Chief constable to be quizzed over stop-and-search

Sir Stephen House is due to appear at a specially-called meeting of the  SPA to discuss the controversial practice. Picture: TSPL
Sir Stephen House is due to appear at a specially-called meeting of the SPA to discuss the controversial practice. Picture: TSPL
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THE CHIEF constable will face questions today on the past and future use of consensual stop-and-search in Scotland.

Sir Stephen House is due to appear at a specially-called meeting of the Scottish Police Authority (SPA), the body which holds the force to account, to discuss the controversial practice.

The meeting, to be held in Glasgow, comes after it emerged that children under 12 have continued to be stopped and searched on a consensual basis, despite a clear commitment last year to end the practice for children.

The chief constable will be questioned on this issue, and on his decision to review measures to replace consensual searches for everyone.

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Police Scotland announced last week that Sir Stephen had taken the decision “against the backdrop of a record drop in crime, including violent crime across Scotland, the ongoing commitment to using police powers proportionately and the conclusion of a six month stop-and-search pilot in Fife”.

The meeting will look at the evidence that has led to the review at this time, what early consideration has been given to alternatives to replace consensual searches, and what assessment the force has made on the implications of the change.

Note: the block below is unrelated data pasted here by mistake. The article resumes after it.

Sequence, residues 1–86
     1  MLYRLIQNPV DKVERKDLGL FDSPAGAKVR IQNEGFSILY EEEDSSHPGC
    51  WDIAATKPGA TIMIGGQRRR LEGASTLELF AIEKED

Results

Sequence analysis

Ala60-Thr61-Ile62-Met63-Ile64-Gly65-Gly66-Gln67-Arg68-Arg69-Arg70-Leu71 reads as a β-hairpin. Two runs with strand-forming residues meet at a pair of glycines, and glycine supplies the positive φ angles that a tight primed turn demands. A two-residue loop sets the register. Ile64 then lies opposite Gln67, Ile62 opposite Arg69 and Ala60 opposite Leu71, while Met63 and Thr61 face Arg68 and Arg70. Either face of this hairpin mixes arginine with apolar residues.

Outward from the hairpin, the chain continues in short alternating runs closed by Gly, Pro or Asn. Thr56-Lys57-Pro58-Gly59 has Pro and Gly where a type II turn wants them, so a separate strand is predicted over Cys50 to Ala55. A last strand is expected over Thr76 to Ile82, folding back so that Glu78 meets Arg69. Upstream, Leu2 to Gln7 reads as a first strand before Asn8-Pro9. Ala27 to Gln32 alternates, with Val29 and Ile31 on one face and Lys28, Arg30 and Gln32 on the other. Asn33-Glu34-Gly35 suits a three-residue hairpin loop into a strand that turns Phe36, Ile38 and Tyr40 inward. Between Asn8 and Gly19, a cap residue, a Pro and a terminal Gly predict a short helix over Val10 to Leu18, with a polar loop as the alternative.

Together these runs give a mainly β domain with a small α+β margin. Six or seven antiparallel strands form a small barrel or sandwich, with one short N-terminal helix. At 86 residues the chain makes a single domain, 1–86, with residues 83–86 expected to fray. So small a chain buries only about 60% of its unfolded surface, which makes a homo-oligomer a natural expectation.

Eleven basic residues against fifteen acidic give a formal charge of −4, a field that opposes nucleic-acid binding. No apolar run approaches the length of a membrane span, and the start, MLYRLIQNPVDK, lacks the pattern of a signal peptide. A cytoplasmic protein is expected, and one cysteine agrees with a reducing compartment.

Non-statutory or consensual searches do not require reasonable suspicion. Officers are not required to inform people that they may refuse the search, and there is no requirement to meet a particular standard of consent.

A pilot scheme was launched in Fife last summer requiring officers to state clearly to people who are the subject of non-statutory searches that they have the right to refuse.

Under the pilot, officers also wrote to parents of children who had been stopped and searched, explaining the reasons why their child was targeted.

Consensual stop-and-search, especially for children, has been widely opposed by politicians.

First Minister Nicola Sturgeon has welcomed the review, but Liberal Democrat leader Willie Rennie wants to bring forward legislation to outlaw the practice.

Meanwhile, the Scottish Police Federation, which represents 98% of all police officers, has warned against political interference.

Earlier this week, Sir Stephen said: “As I indicated last week, we need to consider a range of measures that could replace the current policing tactic of consensual stop-and-search.

“In doing so we need to be able to balance society’s expectations with powers which ensure that the public can continue to be properly protected.

“The debate we will have needs to be open, non-partisan and recognise the benefits of having a system that is backed by people across Scotland and supported by appropriate policing and, where necessary, by legislation.”

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